September 27, 2013

Frequently Asked Buyer Questions

How long must I wait?

Bankruptcy


  • FHA – **NEW “Back to Work” Effective 8/15/2013 allows as little as 12 months waiting period after a Chapter 7 bankruptcy discharge. In a Chapter 13, there are some circumstances that could allow a new mortgage after 12 months IN bankruptcy.
  • Conventional – 4 years after Chapter 7 bankruptcy discharge, with extenuating circumstances this may be reduced to 2 years. Chapter 13 bankruptcy is 2 years from the discharge date.
  • VA – Chapter 7 & 13 are both 2 years from the discharge date and may be reduced with extenuating circumstances
  • USDA – 3 year waiting period after Chapter 7 bankruptcy discharge, and 1 year after Chapter 13 discharge.



Foreclosure


  • FHA –**NEW “Back to Work” Effective 8/15/2013 allows as little as 12 months with extenuating circumstances.
  • Conventional – 7 year waiting period, but if there is a deficiency judgment filed as result of the foreclosure, financing may not be available. Deficiency judgments are enforceable for 20 years in FL.
  • VA – 2 year waiting period, but there are restrictions if the foreclosure was a VA loan.
  • USDA – Average wait time is 3 years, but the Underwriter may use discretion if credit has been re-established after 1 year.

Short Sale


  • FHA –**NEW “Back to Work” Effective 8/15/2013 allows as little as 12 months. No waiting period if payments were made on-time up to the date of the sale.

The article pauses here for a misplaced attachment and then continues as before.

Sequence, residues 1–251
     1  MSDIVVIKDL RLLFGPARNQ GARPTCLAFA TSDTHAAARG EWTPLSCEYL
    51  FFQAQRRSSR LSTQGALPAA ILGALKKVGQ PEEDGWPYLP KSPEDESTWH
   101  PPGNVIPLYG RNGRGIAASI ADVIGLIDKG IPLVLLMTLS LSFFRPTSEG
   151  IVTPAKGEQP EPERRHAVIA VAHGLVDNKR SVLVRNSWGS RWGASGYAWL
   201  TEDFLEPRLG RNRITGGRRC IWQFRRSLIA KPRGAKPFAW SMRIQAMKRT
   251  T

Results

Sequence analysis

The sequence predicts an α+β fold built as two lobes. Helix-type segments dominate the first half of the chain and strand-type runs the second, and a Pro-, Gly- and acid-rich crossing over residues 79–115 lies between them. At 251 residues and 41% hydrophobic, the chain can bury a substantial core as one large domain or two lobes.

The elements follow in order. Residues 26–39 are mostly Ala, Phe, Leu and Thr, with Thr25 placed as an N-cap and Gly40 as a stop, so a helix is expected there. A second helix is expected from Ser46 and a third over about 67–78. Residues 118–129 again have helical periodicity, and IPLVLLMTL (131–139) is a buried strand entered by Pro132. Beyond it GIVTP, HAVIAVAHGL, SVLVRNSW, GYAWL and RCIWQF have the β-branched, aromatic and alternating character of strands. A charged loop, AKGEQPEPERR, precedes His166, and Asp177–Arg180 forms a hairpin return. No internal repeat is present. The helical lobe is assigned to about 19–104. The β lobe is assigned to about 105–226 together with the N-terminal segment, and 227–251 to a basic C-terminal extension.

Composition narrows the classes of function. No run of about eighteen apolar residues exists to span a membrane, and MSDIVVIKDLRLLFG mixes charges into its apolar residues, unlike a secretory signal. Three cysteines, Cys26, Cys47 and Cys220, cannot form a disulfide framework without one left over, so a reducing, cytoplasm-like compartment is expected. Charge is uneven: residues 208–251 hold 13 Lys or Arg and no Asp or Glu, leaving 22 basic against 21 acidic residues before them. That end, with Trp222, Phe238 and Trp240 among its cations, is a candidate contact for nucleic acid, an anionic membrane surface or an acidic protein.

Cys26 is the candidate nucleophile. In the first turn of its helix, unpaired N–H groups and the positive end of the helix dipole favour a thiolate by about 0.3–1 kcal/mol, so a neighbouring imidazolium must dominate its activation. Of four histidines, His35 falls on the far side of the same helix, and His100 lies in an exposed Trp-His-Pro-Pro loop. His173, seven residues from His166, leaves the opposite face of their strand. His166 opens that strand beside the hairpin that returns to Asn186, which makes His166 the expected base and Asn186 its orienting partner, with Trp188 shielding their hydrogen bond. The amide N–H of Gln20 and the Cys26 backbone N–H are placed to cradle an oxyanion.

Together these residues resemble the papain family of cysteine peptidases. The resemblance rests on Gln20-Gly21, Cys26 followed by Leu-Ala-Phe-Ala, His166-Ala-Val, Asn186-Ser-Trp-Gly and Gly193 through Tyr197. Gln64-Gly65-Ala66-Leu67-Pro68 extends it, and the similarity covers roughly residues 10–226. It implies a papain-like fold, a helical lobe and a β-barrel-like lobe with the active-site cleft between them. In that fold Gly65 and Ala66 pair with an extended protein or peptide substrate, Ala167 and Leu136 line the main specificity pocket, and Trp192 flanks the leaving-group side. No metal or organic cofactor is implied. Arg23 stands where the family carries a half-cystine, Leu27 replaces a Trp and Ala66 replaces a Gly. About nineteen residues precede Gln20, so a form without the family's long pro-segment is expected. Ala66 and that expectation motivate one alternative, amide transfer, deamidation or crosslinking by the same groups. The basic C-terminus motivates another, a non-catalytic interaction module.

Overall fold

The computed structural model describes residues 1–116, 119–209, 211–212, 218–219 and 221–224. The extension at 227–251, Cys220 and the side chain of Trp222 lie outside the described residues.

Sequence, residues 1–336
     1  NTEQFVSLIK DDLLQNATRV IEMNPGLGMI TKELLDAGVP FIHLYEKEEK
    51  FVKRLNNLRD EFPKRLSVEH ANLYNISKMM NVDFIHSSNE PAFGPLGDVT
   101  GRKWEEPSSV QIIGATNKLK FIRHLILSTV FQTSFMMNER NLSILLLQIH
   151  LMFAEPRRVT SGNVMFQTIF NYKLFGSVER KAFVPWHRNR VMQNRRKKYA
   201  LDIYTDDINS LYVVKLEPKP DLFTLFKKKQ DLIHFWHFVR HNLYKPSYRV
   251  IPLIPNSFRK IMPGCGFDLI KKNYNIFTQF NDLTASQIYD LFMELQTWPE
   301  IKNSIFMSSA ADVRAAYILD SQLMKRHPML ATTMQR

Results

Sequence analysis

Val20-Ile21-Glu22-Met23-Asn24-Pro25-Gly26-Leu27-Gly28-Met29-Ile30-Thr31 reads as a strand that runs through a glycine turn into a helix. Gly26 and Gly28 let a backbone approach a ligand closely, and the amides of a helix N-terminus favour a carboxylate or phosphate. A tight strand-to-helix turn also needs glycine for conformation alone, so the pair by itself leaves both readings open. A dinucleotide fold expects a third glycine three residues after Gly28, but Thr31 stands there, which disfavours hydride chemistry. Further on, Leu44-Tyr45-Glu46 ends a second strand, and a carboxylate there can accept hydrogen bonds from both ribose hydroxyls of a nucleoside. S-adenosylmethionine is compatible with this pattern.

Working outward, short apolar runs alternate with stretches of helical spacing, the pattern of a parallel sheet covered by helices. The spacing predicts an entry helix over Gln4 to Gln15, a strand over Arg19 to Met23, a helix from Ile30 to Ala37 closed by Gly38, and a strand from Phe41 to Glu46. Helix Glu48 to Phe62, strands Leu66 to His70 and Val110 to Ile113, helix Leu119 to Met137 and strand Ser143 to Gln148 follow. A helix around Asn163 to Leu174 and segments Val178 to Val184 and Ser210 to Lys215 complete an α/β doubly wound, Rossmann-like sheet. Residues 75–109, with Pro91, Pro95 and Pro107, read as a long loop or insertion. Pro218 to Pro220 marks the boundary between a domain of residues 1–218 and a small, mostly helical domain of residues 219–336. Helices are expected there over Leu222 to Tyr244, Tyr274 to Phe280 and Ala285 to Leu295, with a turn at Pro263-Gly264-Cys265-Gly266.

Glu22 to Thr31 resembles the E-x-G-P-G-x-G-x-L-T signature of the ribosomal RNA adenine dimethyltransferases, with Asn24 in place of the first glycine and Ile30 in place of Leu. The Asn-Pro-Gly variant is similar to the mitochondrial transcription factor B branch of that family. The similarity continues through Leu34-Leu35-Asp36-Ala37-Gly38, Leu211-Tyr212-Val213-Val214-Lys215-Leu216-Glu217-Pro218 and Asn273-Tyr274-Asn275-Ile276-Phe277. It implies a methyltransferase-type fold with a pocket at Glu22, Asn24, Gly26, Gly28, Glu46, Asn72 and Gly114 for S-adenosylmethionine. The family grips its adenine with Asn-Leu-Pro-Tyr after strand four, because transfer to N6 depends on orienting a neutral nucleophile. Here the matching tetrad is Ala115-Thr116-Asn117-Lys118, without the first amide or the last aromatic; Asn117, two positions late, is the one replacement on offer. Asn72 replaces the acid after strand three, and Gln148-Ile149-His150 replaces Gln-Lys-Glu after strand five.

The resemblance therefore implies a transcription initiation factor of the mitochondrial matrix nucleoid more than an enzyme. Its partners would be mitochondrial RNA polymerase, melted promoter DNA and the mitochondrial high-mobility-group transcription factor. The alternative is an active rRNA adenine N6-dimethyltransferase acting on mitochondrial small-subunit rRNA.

• Conventional/Fannie Mae – 7 years with <20% down. 10% down is available after 4 years, and 20% down is available after 24 months.
  • Conventional/Freddie Mac – 4 years regardless of down payment
  • VA – 2 year waiting period
  • USDA – Previously required 3 years. But now, assuming credit has been re-established and profile is acceptable, no waiting period is required.

How much home can I afford?

Below is a simple tool for your clients to use when calculating what maximum mortgage payment they can afford. The Total PITI to equate in a loan amount/purchase price will vary from program to program depending on down payment and interest rate. Please contact Amanda for further assistance with this.

Quick Debt-to-Income (DTI) Ratio Tool:

Gross Monthly Income x 45% (average DTI to be at or below)
Deduct Min. Pmts for all monthly debts on credit report (credit cards/, car payment, student loan, etc.)
Final Amount is Total *PITI Allowed
*Principle, Interest, Taxes, Insurance, PMI, HOA
Ex. $5,000 GMI x 45% = $2,250
Minus Min. Pmts of $1,000 =
$1,250 Total PITI Allowed


Provided by: Primary Residential Mortgage, Amanda Benson
Sr. Loan Officer, NMLS#587711